VISCOSITY. HOW IT AFFECTS YOUR CENTRIFUGAL PUMP V031
Viscosity is a measurement of resistant to flow. The higher the viscosity of a liquid the thicker it is, and the more difficult it is to pump.
- In the United States, we use an instrument called the Saybolt Universal Viscometer to measure low to medium viscosities. The meter measures the time it takes for a certain amount of liquid to flow through a glass tube, and the result is viscosity stated in Seconds Saybolt Universal (SSU).
- For high viscosity liquids we switch to the Saybolt Furol Viscometer that uses the units SSF
- Two of the more popular units of measuring viscosity are centipoises (cP) and centistokes (cSt). There are conversion tables to correlate these units
Centrifugal pumps are used to pump liquids with viscosities up to 500 SSU and occasionally higher (water has a viscosity of 32 SSU). There is no clear rule as to when you should shift from a centrifugal to a positive displacement pump.
A liquids viscosity can change with a change in temperature, or as a result of agitation.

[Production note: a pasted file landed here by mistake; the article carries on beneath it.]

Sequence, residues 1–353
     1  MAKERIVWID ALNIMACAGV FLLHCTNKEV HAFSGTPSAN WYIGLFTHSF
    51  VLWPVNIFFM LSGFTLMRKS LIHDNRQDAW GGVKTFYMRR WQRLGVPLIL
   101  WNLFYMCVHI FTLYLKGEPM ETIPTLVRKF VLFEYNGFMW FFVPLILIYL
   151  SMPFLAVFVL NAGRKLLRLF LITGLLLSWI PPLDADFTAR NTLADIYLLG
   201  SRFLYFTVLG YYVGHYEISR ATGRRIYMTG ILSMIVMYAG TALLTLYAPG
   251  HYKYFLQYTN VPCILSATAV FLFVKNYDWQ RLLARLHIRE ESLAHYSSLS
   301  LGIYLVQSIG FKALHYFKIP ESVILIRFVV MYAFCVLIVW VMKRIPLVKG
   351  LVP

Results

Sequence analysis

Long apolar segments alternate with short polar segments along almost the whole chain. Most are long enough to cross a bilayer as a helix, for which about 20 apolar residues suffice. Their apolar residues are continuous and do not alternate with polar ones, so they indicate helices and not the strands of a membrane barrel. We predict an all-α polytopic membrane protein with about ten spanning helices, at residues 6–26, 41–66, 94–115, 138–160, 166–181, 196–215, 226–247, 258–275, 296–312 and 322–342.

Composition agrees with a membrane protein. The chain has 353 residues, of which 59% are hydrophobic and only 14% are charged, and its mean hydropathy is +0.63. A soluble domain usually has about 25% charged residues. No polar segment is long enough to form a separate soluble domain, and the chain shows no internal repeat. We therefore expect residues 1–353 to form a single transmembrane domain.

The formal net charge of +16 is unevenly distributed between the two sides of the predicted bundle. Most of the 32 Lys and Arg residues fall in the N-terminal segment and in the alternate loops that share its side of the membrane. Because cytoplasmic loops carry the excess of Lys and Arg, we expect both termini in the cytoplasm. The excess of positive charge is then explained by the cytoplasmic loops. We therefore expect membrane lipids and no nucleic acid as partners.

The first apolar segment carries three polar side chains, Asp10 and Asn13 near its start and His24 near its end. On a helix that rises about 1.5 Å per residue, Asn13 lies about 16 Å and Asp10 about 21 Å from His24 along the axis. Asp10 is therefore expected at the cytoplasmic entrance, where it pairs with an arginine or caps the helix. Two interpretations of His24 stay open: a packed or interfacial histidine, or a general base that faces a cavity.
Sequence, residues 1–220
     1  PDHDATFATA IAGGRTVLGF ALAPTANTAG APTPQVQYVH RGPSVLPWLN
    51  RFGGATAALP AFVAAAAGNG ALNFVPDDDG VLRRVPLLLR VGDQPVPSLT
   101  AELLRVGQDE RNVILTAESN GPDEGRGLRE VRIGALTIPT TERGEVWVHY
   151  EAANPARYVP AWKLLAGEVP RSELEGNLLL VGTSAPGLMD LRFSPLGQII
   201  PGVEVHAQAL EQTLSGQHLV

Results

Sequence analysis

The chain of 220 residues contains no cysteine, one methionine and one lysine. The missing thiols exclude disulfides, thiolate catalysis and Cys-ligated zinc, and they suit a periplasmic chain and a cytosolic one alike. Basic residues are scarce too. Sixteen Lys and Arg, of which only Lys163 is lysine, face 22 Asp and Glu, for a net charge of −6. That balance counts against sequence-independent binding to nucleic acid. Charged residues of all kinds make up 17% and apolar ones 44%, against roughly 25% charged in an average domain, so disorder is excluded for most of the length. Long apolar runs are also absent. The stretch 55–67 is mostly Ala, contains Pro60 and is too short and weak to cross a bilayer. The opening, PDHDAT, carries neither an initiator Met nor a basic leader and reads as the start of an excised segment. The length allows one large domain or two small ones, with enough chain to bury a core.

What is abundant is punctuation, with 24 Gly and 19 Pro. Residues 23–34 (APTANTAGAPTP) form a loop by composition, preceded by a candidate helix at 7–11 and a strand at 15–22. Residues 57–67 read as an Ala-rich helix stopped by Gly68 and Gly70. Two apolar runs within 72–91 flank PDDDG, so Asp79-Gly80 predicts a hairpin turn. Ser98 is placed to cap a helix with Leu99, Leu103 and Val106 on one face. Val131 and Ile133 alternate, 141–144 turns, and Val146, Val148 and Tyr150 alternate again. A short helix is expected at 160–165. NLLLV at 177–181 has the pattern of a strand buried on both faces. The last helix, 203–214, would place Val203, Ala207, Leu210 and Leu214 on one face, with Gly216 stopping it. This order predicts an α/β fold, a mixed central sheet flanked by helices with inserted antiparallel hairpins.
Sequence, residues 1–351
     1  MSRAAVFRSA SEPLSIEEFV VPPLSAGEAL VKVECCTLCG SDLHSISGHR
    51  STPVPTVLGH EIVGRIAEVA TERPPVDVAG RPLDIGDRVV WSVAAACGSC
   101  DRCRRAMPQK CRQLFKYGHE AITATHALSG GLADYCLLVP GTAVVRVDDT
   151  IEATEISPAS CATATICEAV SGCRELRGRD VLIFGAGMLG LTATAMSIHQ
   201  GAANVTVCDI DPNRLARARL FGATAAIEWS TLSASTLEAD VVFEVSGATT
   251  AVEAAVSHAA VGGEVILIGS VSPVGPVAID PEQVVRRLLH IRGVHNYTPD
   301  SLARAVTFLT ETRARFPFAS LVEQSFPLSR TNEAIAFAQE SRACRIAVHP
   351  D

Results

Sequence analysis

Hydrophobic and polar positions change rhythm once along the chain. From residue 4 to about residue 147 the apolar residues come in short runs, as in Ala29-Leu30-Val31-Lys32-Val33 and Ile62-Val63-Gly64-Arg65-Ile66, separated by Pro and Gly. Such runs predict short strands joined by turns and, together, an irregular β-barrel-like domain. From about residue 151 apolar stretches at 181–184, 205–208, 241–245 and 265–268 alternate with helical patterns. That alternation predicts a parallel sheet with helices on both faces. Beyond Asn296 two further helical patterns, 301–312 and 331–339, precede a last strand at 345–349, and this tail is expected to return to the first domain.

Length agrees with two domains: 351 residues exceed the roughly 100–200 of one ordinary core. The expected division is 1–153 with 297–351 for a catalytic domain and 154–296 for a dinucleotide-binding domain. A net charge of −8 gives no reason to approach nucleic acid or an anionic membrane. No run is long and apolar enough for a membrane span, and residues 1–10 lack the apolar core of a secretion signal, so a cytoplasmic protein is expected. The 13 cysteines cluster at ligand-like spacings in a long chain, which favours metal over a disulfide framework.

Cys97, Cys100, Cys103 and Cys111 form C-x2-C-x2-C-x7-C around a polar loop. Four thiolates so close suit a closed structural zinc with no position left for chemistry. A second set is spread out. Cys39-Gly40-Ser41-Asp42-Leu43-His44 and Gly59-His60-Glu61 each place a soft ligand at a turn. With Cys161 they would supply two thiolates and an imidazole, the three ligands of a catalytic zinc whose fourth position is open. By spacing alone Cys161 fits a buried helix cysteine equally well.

- The viscosity of dilatants increases with agitation (clay slurries, cream becomes butter)
- The viscosity of Thixotropics decreases with agitation (non-drip paint, auto wax)
- Newtonian fluids are not affected by agitation.
As viscosity increases, the operational characteristics of a centrifugal pump will also change. As an example:
- Flow, head and efficiency are reduced.
- The brake horsepower required is increased.
- These changes are largely due to an increase in the fluid friction and the “disk” losses that occur due to viscous drag on the impeller.
- The increased fluid friction reduces head and flow while viscous drag increases the horsepower required.
Take a look at the following table describing the affect of viscosity on a small centrifugal pump.
In January 2006, the hydraulic Institute introduced the ANSI standard HI 9.6.7 to predict the affect of viscosity on your centrifugal pump.